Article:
You know just how it is. You wait for ages for a bus
and then two of them come along at the same time. And that’s
exactly how it felt when I received these two DVDs within a week
other - though thankfully, as it turned out, they were each sufficiently
distinctive as to make comparison a worthwhile exercise.
First of all, though, a red herring ... You will no doubt have
already noticed, in my heading, an apparent difference in structure.
The Paris Opera Ballet (POB) describes its version as in a prologue
and three acts, while the Mariinsky Ballet (MB) describes its
as in a prologue and four acts.
Sometimes such differences can be of real significance. DVD buyers
will find that Nureyev’s POB production of Minkus’s La
, for instance, really is substantially shorter than
Natalia Makarova’s Royal Opera House or La Scala productions,
both of which add an extra and valuable 20+ minutes by including
her reconstruction of the ballet’s “lost” final
But, in these two versions of Don Quixote
most notable difference lies in the scene-setting prologues that
show the Don fantasising about his adventures to come. MB gets
its prologue out of the way in less than 2½ minutes so
as to crack on with the main story of the Kitri/Basilio romance
while POB’s, by taking its time in introducing Sancho Panza
as a comic petty thief - and a friar to boot - and establishing
his affectionate relationship with the Don, takes more than seven
minutes. Thereafter, the differences between the two productions
are really just cosmetic: each company offers essentially identical
versions of Acts 1 and 2, before MB offers separate Acts 3 (the
tavern scene) and 4 (the wedding celebrations) while POB combines
those two into a single Act 3 of two scenes.
In the week that I had just the POB version in my possession,
I was quite impressed by its many virtues. From the very opening
orchestral introduction, it is clear that the orchestra plays
with care and, beyond that, with real elegance and, at times, élan.
Playing the lovers Kitri and Basile, soloists Aurélie
Dupont and Manuel Legris are both authoritative and attractive.
They are well matched physically and temperamentally and their
technical coordination is first class. They certainly make a
believable - if, at times, a somewhat restrained - couple and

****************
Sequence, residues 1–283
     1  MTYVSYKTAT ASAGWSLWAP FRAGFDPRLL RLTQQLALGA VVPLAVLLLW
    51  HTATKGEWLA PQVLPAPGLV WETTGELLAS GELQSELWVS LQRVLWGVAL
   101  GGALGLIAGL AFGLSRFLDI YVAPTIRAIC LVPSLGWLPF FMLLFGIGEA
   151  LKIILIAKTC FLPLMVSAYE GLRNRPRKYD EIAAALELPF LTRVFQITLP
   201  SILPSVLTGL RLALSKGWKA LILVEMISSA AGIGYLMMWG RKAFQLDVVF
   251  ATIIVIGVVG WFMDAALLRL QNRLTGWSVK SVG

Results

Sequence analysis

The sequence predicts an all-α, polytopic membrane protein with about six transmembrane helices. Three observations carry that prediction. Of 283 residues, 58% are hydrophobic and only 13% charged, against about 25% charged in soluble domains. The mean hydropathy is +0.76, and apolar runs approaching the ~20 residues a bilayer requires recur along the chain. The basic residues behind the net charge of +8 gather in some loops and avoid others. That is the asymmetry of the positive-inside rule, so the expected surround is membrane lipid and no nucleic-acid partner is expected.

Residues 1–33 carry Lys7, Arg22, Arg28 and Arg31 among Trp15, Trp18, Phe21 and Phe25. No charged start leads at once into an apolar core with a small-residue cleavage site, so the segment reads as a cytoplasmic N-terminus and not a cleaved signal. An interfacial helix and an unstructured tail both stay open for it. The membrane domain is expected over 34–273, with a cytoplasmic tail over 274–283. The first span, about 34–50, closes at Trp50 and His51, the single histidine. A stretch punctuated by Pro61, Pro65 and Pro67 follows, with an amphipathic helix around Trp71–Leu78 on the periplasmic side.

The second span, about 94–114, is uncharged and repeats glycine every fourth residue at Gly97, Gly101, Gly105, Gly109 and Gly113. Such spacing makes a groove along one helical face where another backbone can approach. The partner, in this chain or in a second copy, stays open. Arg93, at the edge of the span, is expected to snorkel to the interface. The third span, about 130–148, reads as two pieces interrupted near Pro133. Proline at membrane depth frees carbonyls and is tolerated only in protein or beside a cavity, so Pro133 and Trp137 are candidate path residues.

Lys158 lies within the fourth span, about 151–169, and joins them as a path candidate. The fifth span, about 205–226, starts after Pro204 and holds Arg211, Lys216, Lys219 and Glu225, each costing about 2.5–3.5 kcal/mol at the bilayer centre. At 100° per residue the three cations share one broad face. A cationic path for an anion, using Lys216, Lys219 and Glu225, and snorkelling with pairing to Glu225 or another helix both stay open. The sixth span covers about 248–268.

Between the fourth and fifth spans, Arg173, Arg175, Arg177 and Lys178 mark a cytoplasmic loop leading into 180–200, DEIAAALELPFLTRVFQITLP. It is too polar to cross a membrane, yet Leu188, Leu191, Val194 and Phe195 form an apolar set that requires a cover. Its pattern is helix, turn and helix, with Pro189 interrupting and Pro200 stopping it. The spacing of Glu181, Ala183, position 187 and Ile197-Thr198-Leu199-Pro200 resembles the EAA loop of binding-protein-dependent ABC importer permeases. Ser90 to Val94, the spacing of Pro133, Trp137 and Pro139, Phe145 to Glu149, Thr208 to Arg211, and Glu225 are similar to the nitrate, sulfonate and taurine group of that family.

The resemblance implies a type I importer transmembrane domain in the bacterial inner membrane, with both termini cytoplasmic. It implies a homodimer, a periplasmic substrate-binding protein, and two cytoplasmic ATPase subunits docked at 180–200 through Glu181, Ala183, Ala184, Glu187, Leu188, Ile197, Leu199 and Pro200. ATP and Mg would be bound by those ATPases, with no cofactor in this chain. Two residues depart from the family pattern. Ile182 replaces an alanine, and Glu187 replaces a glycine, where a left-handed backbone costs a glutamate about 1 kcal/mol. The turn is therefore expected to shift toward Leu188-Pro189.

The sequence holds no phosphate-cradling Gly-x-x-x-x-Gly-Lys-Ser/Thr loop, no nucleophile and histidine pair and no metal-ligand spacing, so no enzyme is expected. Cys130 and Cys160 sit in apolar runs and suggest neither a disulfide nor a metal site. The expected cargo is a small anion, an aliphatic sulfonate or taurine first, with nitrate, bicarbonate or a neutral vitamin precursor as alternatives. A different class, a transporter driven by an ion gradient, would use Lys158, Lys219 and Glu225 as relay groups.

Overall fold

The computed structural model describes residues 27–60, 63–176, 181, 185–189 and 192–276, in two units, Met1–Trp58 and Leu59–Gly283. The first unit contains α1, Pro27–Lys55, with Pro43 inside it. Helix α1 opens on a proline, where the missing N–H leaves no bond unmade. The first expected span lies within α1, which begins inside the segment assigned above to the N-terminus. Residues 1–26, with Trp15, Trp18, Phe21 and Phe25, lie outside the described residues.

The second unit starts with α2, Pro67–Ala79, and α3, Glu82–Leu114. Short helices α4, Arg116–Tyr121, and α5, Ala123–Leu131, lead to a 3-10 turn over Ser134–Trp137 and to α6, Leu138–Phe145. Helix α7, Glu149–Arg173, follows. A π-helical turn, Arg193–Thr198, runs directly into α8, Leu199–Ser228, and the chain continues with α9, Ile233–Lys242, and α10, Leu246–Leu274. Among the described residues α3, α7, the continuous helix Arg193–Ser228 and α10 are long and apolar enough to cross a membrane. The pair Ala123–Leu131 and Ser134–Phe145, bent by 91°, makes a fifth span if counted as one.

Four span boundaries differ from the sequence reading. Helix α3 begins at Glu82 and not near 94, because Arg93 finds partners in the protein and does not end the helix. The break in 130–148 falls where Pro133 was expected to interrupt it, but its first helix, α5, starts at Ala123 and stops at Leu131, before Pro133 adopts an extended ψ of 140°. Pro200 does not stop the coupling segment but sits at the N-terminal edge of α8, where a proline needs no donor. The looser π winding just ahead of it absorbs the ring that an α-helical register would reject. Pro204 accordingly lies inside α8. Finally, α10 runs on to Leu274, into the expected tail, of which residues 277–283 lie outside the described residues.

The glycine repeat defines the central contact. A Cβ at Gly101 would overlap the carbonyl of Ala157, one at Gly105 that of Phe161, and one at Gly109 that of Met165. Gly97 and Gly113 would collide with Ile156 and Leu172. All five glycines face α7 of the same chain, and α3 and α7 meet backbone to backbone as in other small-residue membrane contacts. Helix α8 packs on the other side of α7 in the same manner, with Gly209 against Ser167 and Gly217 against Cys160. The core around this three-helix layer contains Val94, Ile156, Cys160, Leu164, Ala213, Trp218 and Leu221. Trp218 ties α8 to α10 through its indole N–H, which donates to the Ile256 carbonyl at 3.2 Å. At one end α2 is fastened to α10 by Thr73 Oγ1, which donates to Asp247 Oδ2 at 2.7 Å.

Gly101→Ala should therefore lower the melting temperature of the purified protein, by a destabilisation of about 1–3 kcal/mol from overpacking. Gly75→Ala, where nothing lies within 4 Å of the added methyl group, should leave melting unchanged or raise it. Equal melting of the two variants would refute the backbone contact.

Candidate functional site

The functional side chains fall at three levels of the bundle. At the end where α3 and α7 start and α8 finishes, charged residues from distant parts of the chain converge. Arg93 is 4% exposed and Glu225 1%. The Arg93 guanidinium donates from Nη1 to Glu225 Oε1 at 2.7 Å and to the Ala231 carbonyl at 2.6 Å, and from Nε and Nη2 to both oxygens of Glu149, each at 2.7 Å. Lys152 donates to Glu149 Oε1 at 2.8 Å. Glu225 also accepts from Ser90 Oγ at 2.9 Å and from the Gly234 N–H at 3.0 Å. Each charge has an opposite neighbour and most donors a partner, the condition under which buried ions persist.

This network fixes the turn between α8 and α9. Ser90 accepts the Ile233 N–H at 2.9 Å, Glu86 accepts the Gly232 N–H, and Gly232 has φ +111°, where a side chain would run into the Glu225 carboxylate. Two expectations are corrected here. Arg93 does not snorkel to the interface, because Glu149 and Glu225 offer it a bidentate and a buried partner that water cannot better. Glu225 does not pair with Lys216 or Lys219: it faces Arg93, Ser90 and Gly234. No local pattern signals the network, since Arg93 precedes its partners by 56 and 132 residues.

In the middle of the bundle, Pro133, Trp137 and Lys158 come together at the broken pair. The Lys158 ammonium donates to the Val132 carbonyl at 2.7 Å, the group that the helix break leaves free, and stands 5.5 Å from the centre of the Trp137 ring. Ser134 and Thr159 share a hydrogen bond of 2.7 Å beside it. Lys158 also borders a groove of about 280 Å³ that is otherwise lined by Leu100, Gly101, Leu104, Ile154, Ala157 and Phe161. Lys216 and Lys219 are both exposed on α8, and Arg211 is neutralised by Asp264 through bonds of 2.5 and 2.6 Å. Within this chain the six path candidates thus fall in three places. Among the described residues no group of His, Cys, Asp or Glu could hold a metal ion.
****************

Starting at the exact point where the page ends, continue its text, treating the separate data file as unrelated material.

their Act 3 Grand pas de deux
, while perhaps rather mannered,
deservedly brings the house down.
The dancers taking the flashy, flirtatious roles of Espada and
the street dancer are suitably assured and extrovert, while the
less prominent solo roles are invariable executed to at least
a satisfactory level - and usually much more. In the “character” roles,
Kitri’s father Lorenzo is rather more fearsome than we
sometimes find and the unsuitable suitor Gamache is even more
camp than usual; in this portrayal I’d expect him to be
chasing Basile rather than Kitri!
There were lots of impressive little touches throughout the Paris
production. Just taking the second act as an example: Karl Paquette
impresses as the Spanish gypsy chief. He seems to have cornered
this type of role, for he can also be found playing it in the
POB DVD production of the Minkus/Petipa Paquita
. The POB
children are put to effective use in the puppetry episode and
the subsequent depiction of Don Quixote’s madness is theatrically
most effective. The succeeding “dream” sequence is
also notably well accomplished and Dupont gives a most charismatic
portrayal of the Don’s idealised Dulcinea.
Other pluses I noted some effective comic mugging by Basile as
he supposedly kills himself in Act 3 and Kitri’s particularly
well delivered “fan” variation - not, I hasten to
add, of the type danced by legendary burlesque queen Sally Rand
- in the wedding scene.
There are, on the other hand, some unfortunate minuses in the
POB production. The members of the corps de ballet
undeniably well-drilled, seem to think that Spanish-ness can
be achieved merely by vigorous, coquettish use of a fan or the
twirling of a matador’s cape and the director misses a
trick by not taking the opportunity of moulding them into individual
personalities within the crowd. The costumes are also rather
dull and unremarkable. No doubt they are quite realistic - but
we surely expect the Spain of our imagination and of the stage
to be more flamboyant and colourful than is shown here. The sets
- apart from the Act 3 tavern - are rather bitty, unconvincing
and often bland to the point of invisibility. Such things can
be concealed on film by frequent close-ups that hide a poorly
dressed stage but the video direction here is relatively unimaginative